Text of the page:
"We need scarcely say that the announcement of this seizure will lead to a great many sudden disappearances. For some weeks coming our advertising columns will be filled with offers of rewards for the recovery of persons whose unexplained absence has left their families disconsolate. Let the bereaved take comfort. Their missing ones have only passed out of their Northern vale of grief to turn up in more congenial climes. If they have not stood on the order of their departure, it has not been their fault. These are not times of ceremony, and there are circumstances in which even family-leavings are apt to try the nerves too much."


Although the Kentucky Union men adhere so closely to their idea of neutrality in a war for the preservation of the government, they appear to come squarely up to the mark as to sustaining the Union men in Virginia. At least they do so, if we may judge from the Louisville Journal, their chief organ. That paper says:

"The organs of secession in Eastern Virginia are threatening very fiercely to coerce Western Virginia. But coercion is a game that Eastern Virginia can't play. If Western Virginia wants to stay in the Union, she has a right to protection in the Union, and she will have it. Unquestionably, the might of the Federal Government will be heartily at her service--as it should be."


We see that a southern paper proposes  "as the best method" of stopping a charge by the Yankee in any battle that may occur, the propriety of "throwing a little loose change before them."

The experiment is an ingenious one, but it cannot be tried. The South unfortunately cannot produce the "loose change" and "shinplasters" are not attractive to Yankees.


The Savannah Republican--One of the striking and most commendable features of the Confederate Government is that it keeps its own counsel. President Davis is no blusterer or blab-mouth. The word knows nothing of what he is about, but it is sure that his own people are satisfied and his enemies perplexed. There is an abiding confidence throughout all the Confederate States that everything is progressing just as it should, and that at the proper time the result of Executive deliberation and plans will be seen in the success of our civil experiments and the glorious achievements of our arms. All is silence, and yet neither the newspapers nor the public are making complaint. They both feel that all is well, and at the proper time we shall realize the benefit of  wise and prudent, if secret, counsels.

MAY 24, 1861



Every Abolitionist must rejoice in the seeming promise given by the signal events that are now transpiring; in the hope for the slave that seems to dawn in the fierce battle-conflict for which the two opposing sections of our country are marshalling themselves in array. Such a drawing of the lines, there has never been before; on the part of the North, such a measure of unanimity, ardor of enthusiasm, and determination for something. The Northern hosts, now pouring down upon the Slave Border to quell the slaveholders' rebellion against the government, or that of those who have summoned them. Slavery may be swept away in the tornado of Northern exasperation and passion. Such an event seems now not unlikely to occur, and every friend of humanity will rejoice that even so the work of God be done, and the very wrath of man made to praise Him.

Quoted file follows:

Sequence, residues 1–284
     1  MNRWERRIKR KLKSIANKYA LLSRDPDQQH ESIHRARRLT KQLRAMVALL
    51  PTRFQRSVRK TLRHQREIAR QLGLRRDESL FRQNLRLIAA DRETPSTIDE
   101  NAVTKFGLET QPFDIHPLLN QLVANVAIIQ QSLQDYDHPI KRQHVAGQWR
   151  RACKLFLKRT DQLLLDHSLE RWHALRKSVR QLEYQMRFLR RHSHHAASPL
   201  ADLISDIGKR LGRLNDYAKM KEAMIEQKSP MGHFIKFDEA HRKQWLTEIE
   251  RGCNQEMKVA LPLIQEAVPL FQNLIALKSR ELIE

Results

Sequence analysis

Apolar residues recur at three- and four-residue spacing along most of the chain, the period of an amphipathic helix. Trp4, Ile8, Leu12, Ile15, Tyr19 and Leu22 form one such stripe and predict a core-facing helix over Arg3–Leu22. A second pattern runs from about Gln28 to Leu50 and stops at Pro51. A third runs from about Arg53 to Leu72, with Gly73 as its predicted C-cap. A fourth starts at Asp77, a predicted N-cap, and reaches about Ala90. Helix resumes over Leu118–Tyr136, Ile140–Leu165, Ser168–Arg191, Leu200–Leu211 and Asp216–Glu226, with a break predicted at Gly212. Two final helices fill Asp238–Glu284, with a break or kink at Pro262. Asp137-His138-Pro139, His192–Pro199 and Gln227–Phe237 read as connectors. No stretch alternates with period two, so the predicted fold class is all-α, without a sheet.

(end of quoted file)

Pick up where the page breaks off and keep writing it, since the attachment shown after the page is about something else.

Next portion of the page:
But we must not be too confident in our expectation in this matter. Gratifying as this uprising, in a sort, of the Northern people, it is yet not of itself greatly to be accounted of or relied upon. There is not any great amount of character invested in the thing. The North is where she is, to-day, mainly by sheer necessity, through the stern force of circumstances. It is not because she has not been willing to compromise with the South, that no compromise has been effected. Proffers have been freely made, assurances and reassurances prodigally tendered, in the hope of inducing the South "to stay their hands." Only three months ago, the conventions of the Abolitionists, in nearly all our Northern cities, were broken up of mob violence, and the right of free speech trampled under foot.  No one can doubt that the Abolitionists themselves would have been ruthlessly sacrificed by the populace, had there been any prospect that such sacrifice would have placated the Southern masters. With the characteristic insolence of slaveholding, all these proffers and advances were spit upon, and the North despised and flouted, defied and assailed.

Hence the attitude of the Northern states to-day. They are forced into the conflict with slavery, strongly enough against their will; compelled to take up arms, and make stand for the maintenance of their very existence. And although the sentiment of justice has some place, and is an element in this movement, it is yet quite subordinate and partial. For most part, it is resentment for the insult done to the flag and the nationality, and the boy's determination to vindicate his claim to a place, and flog out his antagonist. There is little thought, and no design, to make common cause with the slave, or vindicate his right to freedom. The question, it is affirmed, has nothing to do with the negro! It is the white man's war, the white man's rights that are to be maintained, the Union to be fought for and recovered, slavery kept somewhat in place indeed, but, as of old, to be fellowshipped, shielded, and protected! The rights of "our Southern brethren" in the matter of their "institution" are to be held inviolate--the old guarantee sacredly reaffirmed and respected!